Researchers detect plastic in human blood

Our modern world is literally filled with plastic: we not only deal with plastic objects on a daily basis, we also spread the substances in our environment. It becomes dangerous when wind, current and UV light break down the plastic into microfine particles that get into the smallest opening. Such particles have already been detected in animal and human tissue. Now the first evidence of human blood has been found.

Researchers find plastic in blood samples

Plastic particles have toxic effects on cells

Dutch researchers have found polyethylene, polyethylene terephthalate and polymers of styrene in human blood. The average amount was about one teaspoon per 1,000 liters of liquid. The particles probably entered there through the mucous membrane, through inhalation and/or ingestion. In the air, the plastic particles are only about 1 nanometer to 20 micrometers in size, nobody notices. Other studies have already shown that plastic particles have a toxic effect on cells, causing them to change shape.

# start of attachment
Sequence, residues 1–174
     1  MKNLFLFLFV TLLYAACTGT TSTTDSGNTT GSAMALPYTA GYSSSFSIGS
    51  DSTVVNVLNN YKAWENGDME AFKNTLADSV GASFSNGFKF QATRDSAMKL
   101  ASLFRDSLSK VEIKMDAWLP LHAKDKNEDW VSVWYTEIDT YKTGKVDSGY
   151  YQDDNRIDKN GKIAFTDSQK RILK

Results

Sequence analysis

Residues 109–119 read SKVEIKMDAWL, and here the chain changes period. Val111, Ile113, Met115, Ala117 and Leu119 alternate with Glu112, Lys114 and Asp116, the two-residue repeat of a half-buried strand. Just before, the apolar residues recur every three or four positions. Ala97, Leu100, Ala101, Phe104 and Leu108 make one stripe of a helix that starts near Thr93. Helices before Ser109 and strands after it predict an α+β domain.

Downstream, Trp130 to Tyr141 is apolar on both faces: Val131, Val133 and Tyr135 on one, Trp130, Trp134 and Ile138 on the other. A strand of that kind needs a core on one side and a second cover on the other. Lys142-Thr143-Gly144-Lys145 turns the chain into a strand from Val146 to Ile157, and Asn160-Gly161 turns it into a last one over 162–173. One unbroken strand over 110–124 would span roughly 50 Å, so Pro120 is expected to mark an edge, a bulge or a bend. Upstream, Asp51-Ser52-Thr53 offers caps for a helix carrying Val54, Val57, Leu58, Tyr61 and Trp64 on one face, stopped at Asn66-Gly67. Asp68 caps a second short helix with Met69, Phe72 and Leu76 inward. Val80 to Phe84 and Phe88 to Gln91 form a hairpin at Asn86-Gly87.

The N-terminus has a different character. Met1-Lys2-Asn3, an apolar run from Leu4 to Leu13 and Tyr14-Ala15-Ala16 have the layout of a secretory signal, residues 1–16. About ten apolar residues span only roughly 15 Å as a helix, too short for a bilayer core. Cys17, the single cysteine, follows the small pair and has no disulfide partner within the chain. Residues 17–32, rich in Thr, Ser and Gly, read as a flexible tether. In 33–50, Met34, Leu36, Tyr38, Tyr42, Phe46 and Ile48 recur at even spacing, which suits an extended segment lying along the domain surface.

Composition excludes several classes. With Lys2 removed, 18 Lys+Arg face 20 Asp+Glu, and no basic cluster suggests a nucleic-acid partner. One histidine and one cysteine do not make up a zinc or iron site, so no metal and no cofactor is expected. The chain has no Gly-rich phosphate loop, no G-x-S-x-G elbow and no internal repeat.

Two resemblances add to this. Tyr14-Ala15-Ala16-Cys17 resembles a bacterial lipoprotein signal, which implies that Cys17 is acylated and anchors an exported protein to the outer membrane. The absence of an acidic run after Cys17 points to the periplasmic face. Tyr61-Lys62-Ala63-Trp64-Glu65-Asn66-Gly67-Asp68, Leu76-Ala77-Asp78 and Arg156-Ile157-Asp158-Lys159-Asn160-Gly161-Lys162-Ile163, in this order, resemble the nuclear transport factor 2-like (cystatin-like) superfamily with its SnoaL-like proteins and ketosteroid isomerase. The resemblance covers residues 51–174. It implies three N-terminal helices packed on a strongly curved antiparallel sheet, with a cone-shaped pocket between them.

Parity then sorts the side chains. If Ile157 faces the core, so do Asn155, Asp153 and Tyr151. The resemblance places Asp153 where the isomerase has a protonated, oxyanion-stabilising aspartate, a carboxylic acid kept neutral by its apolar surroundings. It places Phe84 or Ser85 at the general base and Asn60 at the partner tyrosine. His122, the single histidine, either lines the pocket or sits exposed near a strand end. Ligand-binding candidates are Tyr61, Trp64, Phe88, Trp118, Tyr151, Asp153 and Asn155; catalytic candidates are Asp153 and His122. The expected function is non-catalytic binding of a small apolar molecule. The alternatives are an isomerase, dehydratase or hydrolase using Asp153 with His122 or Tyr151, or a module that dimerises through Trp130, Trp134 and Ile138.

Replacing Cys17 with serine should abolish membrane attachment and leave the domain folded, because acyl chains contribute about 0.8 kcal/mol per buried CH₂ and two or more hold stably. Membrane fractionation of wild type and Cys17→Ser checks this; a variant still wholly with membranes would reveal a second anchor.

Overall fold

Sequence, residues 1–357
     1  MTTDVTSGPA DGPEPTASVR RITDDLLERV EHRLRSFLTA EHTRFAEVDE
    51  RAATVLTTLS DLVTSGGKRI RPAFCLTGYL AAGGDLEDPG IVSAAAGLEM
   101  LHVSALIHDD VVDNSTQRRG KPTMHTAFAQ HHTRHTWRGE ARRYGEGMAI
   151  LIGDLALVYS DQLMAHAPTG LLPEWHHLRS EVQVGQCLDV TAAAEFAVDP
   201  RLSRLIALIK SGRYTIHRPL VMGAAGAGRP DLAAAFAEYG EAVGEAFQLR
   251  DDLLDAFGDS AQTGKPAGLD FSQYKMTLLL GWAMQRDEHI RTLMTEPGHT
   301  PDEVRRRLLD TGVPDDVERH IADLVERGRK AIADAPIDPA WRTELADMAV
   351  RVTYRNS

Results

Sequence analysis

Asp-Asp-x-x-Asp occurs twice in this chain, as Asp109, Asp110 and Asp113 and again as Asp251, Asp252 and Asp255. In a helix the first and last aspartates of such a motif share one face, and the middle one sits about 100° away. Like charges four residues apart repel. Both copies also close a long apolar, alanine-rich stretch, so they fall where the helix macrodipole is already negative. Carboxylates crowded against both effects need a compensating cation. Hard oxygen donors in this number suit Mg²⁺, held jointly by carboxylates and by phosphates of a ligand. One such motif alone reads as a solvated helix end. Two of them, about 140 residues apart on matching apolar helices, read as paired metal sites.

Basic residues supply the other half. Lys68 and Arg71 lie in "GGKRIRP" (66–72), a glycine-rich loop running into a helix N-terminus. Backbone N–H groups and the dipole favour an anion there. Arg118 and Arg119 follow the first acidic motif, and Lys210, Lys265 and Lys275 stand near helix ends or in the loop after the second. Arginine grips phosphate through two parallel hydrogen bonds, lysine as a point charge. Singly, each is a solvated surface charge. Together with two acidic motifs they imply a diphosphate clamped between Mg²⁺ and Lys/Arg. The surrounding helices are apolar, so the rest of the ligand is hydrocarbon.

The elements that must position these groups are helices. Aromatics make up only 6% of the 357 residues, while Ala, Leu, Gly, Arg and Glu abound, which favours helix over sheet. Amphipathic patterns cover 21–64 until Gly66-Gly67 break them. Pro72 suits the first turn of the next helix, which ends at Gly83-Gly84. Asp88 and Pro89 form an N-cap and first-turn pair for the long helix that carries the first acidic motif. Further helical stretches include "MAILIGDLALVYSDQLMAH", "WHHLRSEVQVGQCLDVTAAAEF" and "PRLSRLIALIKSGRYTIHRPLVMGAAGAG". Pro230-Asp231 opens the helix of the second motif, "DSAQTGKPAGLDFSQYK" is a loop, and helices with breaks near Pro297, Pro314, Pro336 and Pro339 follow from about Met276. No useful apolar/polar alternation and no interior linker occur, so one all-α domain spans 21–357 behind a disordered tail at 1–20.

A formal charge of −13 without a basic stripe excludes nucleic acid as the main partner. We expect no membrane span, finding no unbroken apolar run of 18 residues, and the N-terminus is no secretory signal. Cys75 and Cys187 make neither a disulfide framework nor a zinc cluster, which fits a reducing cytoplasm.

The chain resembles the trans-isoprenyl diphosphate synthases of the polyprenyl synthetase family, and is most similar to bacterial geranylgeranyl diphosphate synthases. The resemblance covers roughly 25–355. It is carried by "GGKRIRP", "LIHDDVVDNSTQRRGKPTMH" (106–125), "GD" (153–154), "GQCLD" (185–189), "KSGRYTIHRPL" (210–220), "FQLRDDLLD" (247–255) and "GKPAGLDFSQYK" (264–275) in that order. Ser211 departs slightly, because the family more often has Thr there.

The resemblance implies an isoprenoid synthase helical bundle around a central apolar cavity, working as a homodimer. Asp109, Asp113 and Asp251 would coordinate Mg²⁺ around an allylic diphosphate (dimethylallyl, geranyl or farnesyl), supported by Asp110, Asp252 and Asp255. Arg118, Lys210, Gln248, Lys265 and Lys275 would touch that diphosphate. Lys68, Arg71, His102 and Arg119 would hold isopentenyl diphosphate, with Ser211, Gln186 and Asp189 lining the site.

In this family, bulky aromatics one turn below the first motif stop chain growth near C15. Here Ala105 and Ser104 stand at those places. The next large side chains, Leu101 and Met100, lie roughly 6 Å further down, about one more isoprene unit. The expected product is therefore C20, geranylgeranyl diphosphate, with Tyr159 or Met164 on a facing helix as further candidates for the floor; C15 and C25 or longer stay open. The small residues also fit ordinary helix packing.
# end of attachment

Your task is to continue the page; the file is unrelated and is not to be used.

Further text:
In mice, the substances have penetrated the blood-brain barrier, raised cholesterol levels and contributed to heart disease. However, it has not been clarified exactly what the particles do in human blood, nor whether and how they subsequently end up in tissues and organs. The Dutch now want to investigate this. The micromaterials cause aneurysms in fish and impair cognitive abilities in hermit crabs. So there are more than enough warning signs.

Our lifestream contains plastic«

The blood test was performed on 22 healthy study participants. The researchers focused on 5 different polymers that serve as building blocks of plastic. “We have now proven that our bloodstream, so to speak, our lifestream, contains plastic,” says Heather Leslie of VU University Amsterdam. And study author Marja Lamoree adds: “This dataset is the first of its kind and needs to be expanded to understand how widespread plastic pollution is in the human body and how harmful it can be. With these insights, we can determine whether exposure to plastic particles poses a threat to public health.” Researchers detect plastic in human blood